January 2019

Jan. 18, 2019 (Western Union Business Solutions)  – Constructive news on the trade war had a mixed impact on major currencies. The U.S. dollar was mostly flat as losses against the euro and Canadian dollar were offset by gains against the yen and sterling. Market morale is taking some comfort from reports that the U.S. is mulling reducing tariffs on Chinese goods to help broker a trade agreement. Reduced trade tensions weighed on safe havens, sending the Japanese currency to its lowest in more than two weeks. Sterling dipped from two-month peaks as weaker than expected U.K. consumer spending catalyzed a bout of profit taking on its broad outperformance this week. Britain’s Brexit crisis has shown marked signs of going from a boil to a simmer as fears of a potentially disastrous no-deal exit from the bloc recede. In focus today will be reports on U.S. consumer morale and Canadian inflation.

 

GBP

 

Sterling slipped from two-month highs as sobering news on the U.K consumer spurred many to take some chips off the table. Sterling pared some of its gains but remained a penny higher on the week as the rocky week of U.K. politics suggested a fading likelihood of Britain exiting the EU without a deal, markets worst case scenario. The Brexit process is in wait and see what the prime minister’s Plan B looks like when Theresa May reveals it Monday. The pound could be in the early innings of a significant rally if Britain in the end should decide to cancel Brexit. On the data front, U.K. retail sales tumbled nearly a percent in December, news that highlighted the vulnerable state of the economy months ahead of its expected departure from the EU in March.

 

EUR

 

The euro eked out a gain but its vital signs remained bearish as concerns about a slowing euro zone economy put a lid on meaningful gains. The euro was on track for a weekly loss with the big blow this week coming from news that Germany’s economy grew at the slowest pace in 5 years in 2018. Recent numbers suggest the economy is likely to remain in a lower gear over the foreseeable future, casting significant doubt on an ECB interest rate hike this year.

 

CAD

 

Canada’s dollar appreciated after news of warmer than expected inflation to close out 2018 kept the door ajar to higher interest rates. Overall inflation unexpectedly rose to a 2% annual rate in December, compared to forecasts to remain at 1.7%. However, less volatile underlying inflation steadied below the Bank of Canada’s 2% goal. While the data was consistent with tame inflation, it appeared warm enough to keep a rate hike later this year in the conversation, a notion that’s positive for the loonie’s appeal.

 


USA 

Jan. 15, 2019 (Western Union Business Solutions)  – Rising risks in Europe offered a broad boost to the U.S. currency. The euro led losses against the greenback with the yen and sterling also in the red. Somewhat stable global markets and oil prices supported Canada’s dollar. All eyes are on the U.K. today as Britain’s parliament is expected to vote on the divorce agreement that the prime minister forged with the EU. The unpopular plan all but assures that U.K. politicians will vote against the deal. Key for sterling and broader market morale will be the margin of victory, which is considered unlikely, or defeat. Voting on the deal is expected to start around 2 p.m. ET with a decision likely an hour or so later. The euro plunged after Germany reported the weakest growth in five years in 2018. While stronger Tuesday, the greenback’s fundamental appeal was perceived as limited with the Fed signaling a high bar to further rate increases.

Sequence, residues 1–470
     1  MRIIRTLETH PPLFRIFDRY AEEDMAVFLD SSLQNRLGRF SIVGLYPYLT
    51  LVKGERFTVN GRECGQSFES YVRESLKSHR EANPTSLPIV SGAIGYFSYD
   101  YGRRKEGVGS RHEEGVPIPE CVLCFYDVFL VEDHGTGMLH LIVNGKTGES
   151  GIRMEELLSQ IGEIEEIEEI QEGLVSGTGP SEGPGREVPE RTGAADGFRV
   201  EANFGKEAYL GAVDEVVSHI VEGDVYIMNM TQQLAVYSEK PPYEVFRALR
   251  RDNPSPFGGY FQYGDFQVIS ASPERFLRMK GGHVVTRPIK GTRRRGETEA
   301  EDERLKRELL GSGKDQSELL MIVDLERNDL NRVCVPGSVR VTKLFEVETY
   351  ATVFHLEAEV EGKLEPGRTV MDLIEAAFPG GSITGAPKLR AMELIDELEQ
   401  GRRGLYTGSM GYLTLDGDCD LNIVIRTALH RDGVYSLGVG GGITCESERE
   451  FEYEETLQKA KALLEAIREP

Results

CAD

 

The loonie firmed Tuesday as oil prices rose above $51. How the loonie fares today and over coming days could hinge on what transpires in Britain’s parliament since the big vote over there today could set the stage for broader market sentiment. An outcome that heightens political risk and uncertainty in Europe would tend to be bad for stocks and commodities, a situation that could leave the loonie at risk of losses against safer peers like its U.S. counterpart. Loonie sentiment has also wavered in the run-up to Canadian inflation on Friday. Softer price growth would inject uncertainty and doubt into the need for the Bank of Canada to raise borrowing rates this year.

 

GBP

 

Sterling slid a cent below two-month peaks against the dollar as players favored safer bets ahead of today’s expected vote in the U.K. parliament over the terms of Britain’s split with the EU. The market is positioned for the bill to be defeat but what could matter most is the margin. A small defeat might allow room for Theresa May to seek tweaks from the EU to make it palatable enough to cross the finish line. However, a large margin of defeat could spell heightened U.K. uncertainty. The pound is seen held hostage to the Brexit drama and tends to outperform when odds of a potentially cataclysmic no-deal, hard Brexit lessen.

 

EUR

 

The euro sank to its lowest in more than a week after Germany acknowledged the weakest growth in years in 2018. While Europe’s biggest economy grew for a ninth straight year, it did so at the weakest rate (1.5%) in 5 years which followed a 2.2% pace in 2017. The soggy data threw a wet blanket over chances of the ECB raising borrowing rates later this year. The big headwinds on growth were the slowing world economy and the trans-Atlantic trade dispute with Washington.

 

USD

 

America’s dollar garnered a haven boost with risks on the rise in Europe. Today’s main market driver is liable to arrive around 2 p.m. ET when U.K. lawmakers are expected to start voting on the prime minister’s Brexit plan. While stronger, meaningful gains could elude the buck with the Fed signaling a wait and see stance with respect to future interest rate increases. Downbeat data on the U.S. economy further dampened prospects of a rate hike as Empire State index of New York area business conditions disappointed and grew at the slowest pace since May 2017 in January.

 

Jan. 9, 2019 (Western Union Business Solutions)  – The U.S. dollar’s rout today to October lows was justified by a cautious set of minutes from the last Fed meeting. The minutes from the Fed’s December meeting at which officials raised rates for the fourth time in 2018 played up higher uncertainty and risks facing the U.S. economy from trade wars and slowing global growth. The minutes’ cautious tone bolstered the view that U.S. interest rates are on hold for now and even hinted that policymakers may almost be done raising rates. With inflation well contained and at risk of moderating in the wake of weaker oil prices, it seems like the door is closed for now for the Fed to increase borrowing rates, a dovish outlook that could leave the dollar susceptible to further downside risk over the coming days and weeks.